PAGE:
What is a Radiator in a Car?

Jessica Shea Choksey | Jan 27, 2021

Although most people have heard of a radiator, they may not be aware of its purpose or importance. In the simplest terms, the radiator is the central component of a vehicle's cooling system. Its primary function is to monitor and regulate a vehicle engine's temperature and prevent it from overheating.

What is a Radiator in a Car sai kalyan achanta unsplash

How Does a Radiator Work?

A vehicle's engine gives it the power it needs through the burning of fuel and the creation of energy from its many moving parts. This power and movement can generate a tremendous amount of heat throughout the engine. It is essential to vent this heat from the engine during operation to avoid overheating, which can result in severe damage. 

A radiator helps to eliminate excess heat from the engine. It is part of the engine's cooling system, which also includes a liquid coolant, hoses to circulate the coolant, a fan, and a thermostat that monitors the coolant temperature. The coolant travels through the hoses from the radiator, through the engine to absorb the excess engine heat, and back to the radiator.

Once it returns to the radiator, thin metal fins release the heat from the coolant to the outside air as the hot liquid passes through it. Cool air flows into the radiator through the car's grille to aid in this process, and when the vehicle isn't moving, such as when you're idling in traffic, the system's fan will blow air to help reduce the heated coolant's temperature and blow the hot air out of the car. 

After the coolant passes through the radiator, it recirculates through the engine. This heat exchange cycle is continuous to maintain an optimal operating temperature and prevent the engine from overheating.

Components of a Radiator

A radiator has three main parts: the core, the pressure cap, and the outlet and inlet tanks.

Radiator Cap

Photo: Christian Wardlaw

The core is the main section defined by a large metal block with rows of narrow metal fins. This is where hot coolant that has flowed through the engine releases its heat and where the radiator cools it for its next trip around the heat-exchange circuit.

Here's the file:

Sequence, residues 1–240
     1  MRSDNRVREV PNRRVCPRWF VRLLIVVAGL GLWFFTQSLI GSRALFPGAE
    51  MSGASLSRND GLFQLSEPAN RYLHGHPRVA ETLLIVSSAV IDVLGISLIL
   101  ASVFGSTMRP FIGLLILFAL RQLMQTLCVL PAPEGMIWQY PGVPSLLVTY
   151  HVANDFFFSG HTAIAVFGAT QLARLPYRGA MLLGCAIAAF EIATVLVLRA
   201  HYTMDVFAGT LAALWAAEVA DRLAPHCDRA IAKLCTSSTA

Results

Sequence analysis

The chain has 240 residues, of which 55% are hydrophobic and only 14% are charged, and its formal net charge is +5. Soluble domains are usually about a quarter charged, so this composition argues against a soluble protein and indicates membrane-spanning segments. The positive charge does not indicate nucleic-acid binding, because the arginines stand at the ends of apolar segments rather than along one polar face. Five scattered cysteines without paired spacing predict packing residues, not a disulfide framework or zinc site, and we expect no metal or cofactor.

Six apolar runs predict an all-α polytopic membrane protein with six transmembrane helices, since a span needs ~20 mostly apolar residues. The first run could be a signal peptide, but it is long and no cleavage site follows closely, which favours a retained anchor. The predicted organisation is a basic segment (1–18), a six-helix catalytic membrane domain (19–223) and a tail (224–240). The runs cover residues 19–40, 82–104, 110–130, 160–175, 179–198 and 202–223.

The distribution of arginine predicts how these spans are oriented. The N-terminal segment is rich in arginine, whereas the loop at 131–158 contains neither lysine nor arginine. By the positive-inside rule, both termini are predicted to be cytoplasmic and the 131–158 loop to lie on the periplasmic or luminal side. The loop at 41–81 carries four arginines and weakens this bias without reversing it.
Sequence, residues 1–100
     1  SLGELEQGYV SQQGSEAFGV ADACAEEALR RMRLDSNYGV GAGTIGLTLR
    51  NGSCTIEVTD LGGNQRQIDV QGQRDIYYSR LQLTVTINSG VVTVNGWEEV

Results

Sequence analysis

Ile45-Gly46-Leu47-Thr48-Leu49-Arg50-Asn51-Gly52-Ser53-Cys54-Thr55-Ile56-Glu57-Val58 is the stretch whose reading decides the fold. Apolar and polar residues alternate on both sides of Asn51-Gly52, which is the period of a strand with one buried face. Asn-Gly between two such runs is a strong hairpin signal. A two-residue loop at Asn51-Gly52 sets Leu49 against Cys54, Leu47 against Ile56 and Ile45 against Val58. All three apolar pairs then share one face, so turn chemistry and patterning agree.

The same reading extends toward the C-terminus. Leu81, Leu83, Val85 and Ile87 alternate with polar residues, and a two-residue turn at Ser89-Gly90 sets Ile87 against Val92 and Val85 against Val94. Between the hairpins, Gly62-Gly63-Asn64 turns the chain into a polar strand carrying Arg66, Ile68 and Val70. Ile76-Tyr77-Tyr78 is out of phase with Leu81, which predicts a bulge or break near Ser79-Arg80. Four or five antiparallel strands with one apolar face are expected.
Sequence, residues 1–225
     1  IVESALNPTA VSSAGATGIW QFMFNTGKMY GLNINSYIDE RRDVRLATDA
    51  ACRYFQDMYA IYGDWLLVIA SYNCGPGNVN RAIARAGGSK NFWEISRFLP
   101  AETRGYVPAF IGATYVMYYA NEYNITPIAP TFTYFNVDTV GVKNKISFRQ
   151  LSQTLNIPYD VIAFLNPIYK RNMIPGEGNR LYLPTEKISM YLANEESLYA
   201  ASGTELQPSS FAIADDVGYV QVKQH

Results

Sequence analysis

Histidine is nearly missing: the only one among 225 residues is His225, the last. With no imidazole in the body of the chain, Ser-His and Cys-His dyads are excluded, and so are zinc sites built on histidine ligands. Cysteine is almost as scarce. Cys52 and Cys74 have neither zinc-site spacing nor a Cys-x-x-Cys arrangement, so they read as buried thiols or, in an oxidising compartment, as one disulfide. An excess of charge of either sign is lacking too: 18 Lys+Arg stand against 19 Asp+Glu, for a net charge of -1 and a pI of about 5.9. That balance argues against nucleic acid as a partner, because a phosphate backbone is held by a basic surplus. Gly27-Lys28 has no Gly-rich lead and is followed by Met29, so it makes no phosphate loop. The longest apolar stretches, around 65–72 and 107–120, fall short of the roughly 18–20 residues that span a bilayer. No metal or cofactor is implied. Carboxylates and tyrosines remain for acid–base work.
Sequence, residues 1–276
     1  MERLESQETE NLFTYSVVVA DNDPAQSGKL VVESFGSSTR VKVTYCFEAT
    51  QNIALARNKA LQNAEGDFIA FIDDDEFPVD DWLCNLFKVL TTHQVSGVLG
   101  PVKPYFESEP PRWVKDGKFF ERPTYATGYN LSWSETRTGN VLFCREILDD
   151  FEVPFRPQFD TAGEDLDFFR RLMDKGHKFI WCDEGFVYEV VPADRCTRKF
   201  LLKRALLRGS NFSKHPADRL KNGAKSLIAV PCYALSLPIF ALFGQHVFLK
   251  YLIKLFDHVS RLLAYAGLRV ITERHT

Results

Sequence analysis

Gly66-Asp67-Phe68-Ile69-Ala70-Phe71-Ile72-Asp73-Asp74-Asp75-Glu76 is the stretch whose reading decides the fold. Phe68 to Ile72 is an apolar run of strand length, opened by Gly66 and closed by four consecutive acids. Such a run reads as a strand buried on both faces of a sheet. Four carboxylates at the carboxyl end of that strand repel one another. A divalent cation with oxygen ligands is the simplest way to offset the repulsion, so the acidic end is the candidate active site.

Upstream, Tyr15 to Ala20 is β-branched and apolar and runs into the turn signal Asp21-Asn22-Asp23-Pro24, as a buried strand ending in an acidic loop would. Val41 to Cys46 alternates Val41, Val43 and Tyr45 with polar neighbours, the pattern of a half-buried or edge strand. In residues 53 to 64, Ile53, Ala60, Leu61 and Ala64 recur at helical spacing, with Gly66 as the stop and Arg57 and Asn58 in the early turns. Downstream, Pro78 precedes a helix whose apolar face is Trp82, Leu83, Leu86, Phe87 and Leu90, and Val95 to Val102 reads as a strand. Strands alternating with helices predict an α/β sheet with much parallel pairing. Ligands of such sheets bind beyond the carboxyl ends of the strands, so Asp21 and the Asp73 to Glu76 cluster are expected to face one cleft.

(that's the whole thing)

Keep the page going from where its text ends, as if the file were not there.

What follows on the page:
The pressure cap seals the cooling system and ensures that it remains pressurized. This pressure is essential for the radiator to operate efficiently as it keeps the coolant from boiling and overflowing./p>

The outlet and inlet tanks direct coolant to the radiator after it has circulated through the engine. These tanks manage the liquid when it is very hot.

Another primary component of the radiator is the coolant itself. Even though it is not a mechanized part, it is the critical ingredient that conducts heat away from the engine and allows the radiator to do its job.

Radiator Failure

An engine can overheat whenever it operates in sweltering weather. But the risk of overheating goes up considerably if the radiator is low on coolant or there is a leak in one of its hoses. Other possible radiator failures include a malfunctioning thermostat, a mechanical issue with the fan, or a faulty pressure cap that cannot pressurize the system, resulting in an overflow of coolant. In any of these cases, the engine can overheat, resulting in severe damage.

To avoid costly repairs, car owners should be aware of the signs of radiator failure. Symptoms include:

  • An unusual rise and fall in the instrument cluster temperature gauge
  • The sight or smell of smoke coming from under the hood of the car
  • Any amount of green liquid (coolant or antifreeze) collecting under the vehicle
  • Visual evidence of rust on the components of the cooling system 

A professional mechanic should examine the cooling system and radiator if any of these symptoms become apparent.

Preventative Maintenance

Like any other vehicle component, the radiator requires specific maintenance to assure its longevity and proper operation:

1. Replace radiator hoses every three years or 36,000 miles. Since hoses are rubberized and can dry out and break over time, they should never exceed 50,000 miles of driving.

2. Check coolant levels regularly. If the fluid level is noticeably dropping between checks, there may be a leak in the cooling system. It is important to pay close attention as slow leaks may be difficult to detect.

3. Have the coolant flushed every 25,000 miles to remove any contaminants in the radiator and its hoses. This service also conditions the cooling system to help prevent the components from rusting and allows the radiator to operate at peak performance throughout its life.


Being on the side of the road with an overheating engine is a circumstance every driver wants to avoid. Fortunately, radiators prevent this from happening by relieving the engine of excess heat during operation. Understanding the importance of this cooling mechanism, the signs of potential failure, and the necessary maintenance methods will help keep the radiator – and the engine – running smoothly for years to come.

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